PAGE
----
Europe needs to urgently prepare for carbon market ‘endgame’

(EurActiv, 28 Apr 2023) In just 16 years from now, the CO2 cap under the EU’s emissions trading scheme goes down to zero. This is hard to ignore and means no one can indulge into procrastination, argues Claudia Günther, Michael Pahle, Sebastian Osorio and Simon Quemin.

Claudia Günther, Michael Pahle, Sebastian Osorio, and Simon Quemin are researchers at the Potsdam Institute for Climate Impact Research (PIK). 

The profound implications of the recent European Union Emissions Trading System (EU ETS) reform become apparent in a single number: 2039.

Extrapolating the revised linear reduction factor used to set the cap, this marks the year when no carbon allowances will be issued in the existing EU ETS anymore. In other words, in just 16 years from now, energy companies and energy-intensive industries will only be able to use carbon allowances they have previously banked or bought from other market participants.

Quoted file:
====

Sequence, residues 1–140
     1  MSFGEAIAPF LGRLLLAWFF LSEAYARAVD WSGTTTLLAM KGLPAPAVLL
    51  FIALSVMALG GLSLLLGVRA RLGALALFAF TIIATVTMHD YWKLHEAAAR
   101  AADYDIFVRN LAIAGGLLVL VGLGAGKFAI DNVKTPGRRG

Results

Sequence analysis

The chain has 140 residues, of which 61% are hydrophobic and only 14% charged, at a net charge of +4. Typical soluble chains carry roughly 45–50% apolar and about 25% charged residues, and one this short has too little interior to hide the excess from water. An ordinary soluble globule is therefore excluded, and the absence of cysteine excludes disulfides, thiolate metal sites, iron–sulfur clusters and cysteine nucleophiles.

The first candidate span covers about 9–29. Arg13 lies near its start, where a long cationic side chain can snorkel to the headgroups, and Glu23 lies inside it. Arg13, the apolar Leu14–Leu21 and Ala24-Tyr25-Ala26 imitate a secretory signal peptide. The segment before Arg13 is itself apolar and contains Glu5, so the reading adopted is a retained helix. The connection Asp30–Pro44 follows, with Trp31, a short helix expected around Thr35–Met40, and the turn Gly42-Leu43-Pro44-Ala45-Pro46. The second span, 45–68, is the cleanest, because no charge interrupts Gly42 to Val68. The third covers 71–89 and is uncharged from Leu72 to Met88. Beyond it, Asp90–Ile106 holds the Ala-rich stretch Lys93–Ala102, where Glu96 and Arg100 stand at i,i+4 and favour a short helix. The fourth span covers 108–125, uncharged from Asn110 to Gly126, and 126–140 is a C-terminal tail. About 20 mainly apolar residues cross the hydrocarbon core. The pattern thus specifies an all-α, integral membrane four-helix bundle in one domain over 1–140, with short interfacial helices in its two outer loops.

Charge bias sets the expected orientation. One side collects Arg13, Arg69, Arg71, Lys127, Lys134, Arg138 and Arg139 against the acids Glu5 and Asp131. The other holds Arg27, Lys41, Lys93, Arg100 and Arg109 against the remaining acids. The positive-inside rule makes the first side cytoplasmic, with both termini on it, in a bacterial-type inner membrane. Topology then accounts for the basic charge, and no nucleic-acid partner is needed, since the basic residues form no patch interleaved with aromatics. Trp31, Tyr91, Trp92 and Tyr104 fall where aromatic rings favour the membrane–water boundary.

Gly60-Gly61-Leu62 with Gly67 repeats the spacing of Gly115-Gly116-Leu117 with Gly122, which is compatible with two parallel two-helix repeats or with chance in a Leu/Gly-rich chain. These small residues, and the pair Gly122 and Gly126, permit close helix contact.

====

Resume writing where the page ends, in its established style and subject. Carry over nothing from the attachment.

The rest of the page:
The “ETS endgame”, as we call it in a recent analysis, is thus clearly on its way. In this article, we argue that for regulators, policymakers and firms alike, immediate preparation for the endgame is of the essence. Waiting too long risks obfuscating the path to climate neutrality or being left behind in walking it.

What regulators need to urgently prepare for

The cap going straight down to zero raises important policy and market design questions. Can a market with fewer and fewer allowances still function at all? Might a carbon tax be necessary to complement or even replace the ETS? Will the market stability reserve tighten the cap beyond what is efficient? Could an extension of the ETS via linking to other systems or including negative emissions be the answer to dwindling supply and residual emissions?

External link

EurActiv, 28 Apr 2023: Europe needs to urgently prepare for carbon market ‘endgame’